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The Implementation of Standards-Based Geography Education in the United States

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Authors
Hill, A. David
Issue Date
1994
Publisher
서울대학교 교육종합연구원
Citation
SNU Journal of Education Research, Vol.4, pp. 49-65
Keywords
49-65
Description
1994
Abstract
It has been 10 years since A Nation at Risk (National Commission on Excellence in Education, 1983) set the United States off on a course to address the "mediocrity" of its public schooling. Seeking to promote systemic change, this "excellence" movement of educational reform (e.g., Finn, 1991) now struggles to stay the course despite competing economic, social, and political agendas. Suffice it to say, the goal of educational excellence has yet to be attained. Political and social debates set excellence against equity. The excellence movement pushes to assure an "internationally competitive" citizenry, sometimes arguing for private competition to prod the public education system. The equity movement fears that the excellence strategy will leave many children behind (e.g., Viadero, 1993) and demands resources to create opportunities to learn for disadvantaged students. (With the political rhetoric, perfectly good words became codewords, e.g., "excellence" and "equity" came to be associated with right and left wing thought, respectively, thus obscuring much of the complexity of the issues.) The Clinton Administration negotiated between these two positions, and in April, 1994, Congress passed the education bill, the Goals 2000: Educate America Act, which carries forward from the Bush Administration several reforms, the most important of which in my view is standards-based education (SBE).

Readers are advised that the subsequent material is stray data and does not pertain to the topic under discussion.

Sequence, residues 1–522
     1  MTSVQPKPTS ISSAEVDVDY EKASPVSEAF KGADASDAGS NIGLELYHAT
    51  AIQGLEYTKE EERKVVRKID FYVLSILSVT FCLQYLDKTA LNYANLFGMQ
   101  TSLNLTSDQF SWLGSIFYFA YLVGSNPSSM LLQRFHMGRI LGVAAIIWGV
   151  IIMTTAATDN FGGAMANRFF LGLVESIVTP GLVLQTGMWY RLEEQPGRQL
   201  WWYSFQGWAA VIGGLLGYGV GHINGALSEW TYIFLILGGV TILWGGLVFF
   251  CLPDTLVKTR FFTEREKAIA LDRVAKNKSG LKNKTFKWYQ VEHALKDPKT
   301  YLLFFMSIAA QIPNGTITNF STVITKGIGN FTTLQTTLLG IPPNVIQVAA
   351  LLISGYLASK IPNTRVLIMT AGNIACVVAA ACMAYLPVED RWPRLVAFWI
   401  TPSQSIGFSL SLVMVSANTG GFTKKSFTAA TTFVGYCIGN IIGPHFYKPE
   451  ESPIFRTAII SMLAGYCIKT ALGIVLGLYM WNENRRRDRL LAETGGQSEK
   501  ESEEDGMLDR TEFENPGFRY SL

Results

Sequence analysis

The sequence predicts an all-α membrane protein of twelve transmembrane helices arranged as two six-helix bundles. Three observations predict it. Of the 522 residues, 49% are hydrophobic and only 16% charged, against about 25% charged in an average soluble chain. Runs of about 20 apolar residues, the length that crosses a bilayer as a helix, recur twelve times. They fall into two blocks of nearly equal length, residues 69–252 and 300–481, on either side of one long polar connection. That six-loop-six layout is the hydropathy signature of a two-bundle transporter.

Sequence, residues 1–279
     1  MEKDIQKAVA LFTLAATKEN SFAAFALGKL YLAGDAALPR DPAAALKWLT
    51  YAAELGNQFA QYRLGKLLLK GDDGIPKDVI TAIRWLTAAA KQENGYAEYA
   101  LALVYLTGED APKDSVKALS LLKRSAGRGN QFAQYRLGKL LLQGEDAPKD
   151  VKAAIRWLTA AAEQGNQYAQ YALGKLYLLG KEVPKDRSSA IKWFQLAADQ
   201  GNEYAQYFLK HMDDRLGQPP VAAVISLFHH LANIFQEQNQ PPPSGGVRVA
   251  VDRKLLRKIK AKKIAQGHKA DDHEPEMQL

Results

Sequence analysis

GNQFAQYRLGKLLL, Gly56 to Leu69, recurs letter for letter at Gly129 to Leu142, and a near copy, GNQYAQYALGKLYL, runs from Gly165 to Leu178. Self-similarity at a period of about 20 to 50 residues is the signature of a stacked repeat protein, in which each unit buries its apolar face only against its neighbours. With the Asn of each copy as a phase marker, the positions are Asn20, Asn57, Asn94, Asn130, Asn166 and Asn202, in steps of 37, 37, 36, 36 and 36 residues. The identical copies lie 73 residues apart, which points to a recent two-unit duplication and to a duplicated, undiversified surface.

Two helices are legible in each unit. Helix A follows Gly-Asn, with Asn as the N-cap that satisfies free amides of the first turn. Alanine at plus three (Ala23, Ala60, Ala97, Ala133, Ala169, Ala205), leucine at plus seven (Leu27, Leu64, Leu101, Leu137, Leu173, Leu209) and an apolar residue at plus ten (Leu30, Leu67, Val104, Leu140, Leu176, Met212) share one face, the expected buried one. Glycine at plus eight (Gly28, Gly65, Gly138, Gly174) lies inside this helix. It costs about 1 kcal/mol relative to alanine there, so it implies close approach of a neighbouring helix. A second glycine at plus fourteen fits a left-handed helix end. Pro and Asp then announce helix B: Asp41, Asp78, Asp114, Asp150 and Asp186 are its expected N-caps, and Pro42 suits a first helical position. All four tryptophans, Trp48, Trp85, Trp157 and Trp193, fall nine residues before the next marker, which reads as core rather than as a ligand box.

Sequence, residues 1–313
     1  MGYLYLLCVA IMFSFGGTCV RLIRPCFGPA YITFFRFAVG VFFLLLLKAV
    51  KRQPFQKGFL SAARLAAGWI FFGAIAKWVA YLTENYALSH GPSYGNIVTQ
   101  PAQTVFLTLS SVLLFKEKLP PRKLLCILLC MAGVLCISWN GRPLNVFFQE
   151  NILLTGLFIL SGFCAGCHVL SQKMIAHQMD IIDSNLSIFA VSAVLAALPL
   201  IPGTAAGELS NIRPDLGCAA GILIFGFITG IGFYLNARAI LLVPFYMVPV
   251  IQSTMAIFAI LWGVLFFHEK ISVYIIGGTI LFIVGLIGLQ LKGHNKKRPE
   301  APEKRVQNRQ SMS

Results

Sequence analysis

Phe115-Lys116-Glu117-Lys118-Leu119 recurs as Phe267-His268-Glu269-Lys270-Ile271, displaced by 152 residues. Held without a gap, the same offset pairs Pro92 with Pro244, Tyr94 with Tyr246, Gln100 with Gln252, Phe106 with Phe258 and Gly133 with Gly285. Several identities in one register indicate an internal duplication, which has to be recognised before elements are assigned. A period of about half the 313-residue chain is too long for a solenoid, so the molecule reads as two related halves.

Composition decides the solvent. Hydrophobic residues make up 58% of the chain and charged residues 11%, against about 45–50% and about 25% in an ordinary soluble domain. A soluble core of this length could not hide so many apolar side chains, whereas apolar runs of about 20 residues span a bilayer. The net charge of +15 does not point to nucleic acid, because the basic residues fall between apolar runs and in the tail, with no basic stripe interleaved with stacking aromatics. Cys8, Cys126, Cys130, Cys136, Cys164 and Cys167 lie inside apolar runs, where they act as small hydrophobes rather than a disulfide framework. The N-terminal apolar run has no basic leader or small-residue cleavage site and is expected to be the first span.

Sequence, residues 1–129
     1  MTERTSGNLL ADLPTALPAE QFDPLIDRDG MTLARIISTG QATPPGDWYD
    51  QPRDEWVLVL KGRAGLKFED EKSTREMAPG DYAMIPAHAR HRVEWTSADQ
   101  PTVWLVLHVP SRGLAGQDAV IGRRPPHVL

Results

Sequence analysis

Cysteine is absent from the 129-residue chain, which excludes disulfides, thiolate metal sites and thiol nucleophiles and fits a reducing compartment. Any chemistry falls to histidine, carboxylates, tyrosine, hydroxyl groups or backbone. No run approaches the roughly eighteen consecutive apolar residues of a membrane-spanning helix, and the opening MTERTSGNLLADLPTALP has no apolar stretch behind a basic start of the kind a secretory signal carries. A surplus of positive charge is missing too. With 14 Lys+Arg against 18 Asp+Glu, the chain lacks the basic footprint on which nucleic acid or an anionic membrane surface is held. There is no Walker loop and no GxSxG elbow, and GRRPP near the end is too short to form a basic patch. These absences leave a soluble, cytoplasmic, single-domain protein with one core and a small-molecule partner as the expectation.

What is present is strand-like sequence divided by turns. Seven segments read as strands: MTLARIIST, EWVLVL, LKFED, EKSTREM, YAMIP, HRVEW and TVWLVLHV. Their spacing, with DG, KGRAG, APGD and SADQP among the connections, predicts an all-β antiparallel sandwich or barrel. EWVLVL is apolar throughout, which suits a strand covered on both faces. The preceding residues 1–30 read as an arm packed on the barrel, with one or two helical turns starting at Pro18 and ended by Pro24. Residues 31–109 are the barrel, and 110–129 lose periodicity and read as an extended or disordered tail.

ISSN
1225-5335
Language
English
URI
http://hdl.handle.net/10371/72433
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College of Education (사범대학)Center for Educational Research (교육종합연구원)SNU Journal of Education ResearchSNU Journal of Education Research vol.04 (1994)
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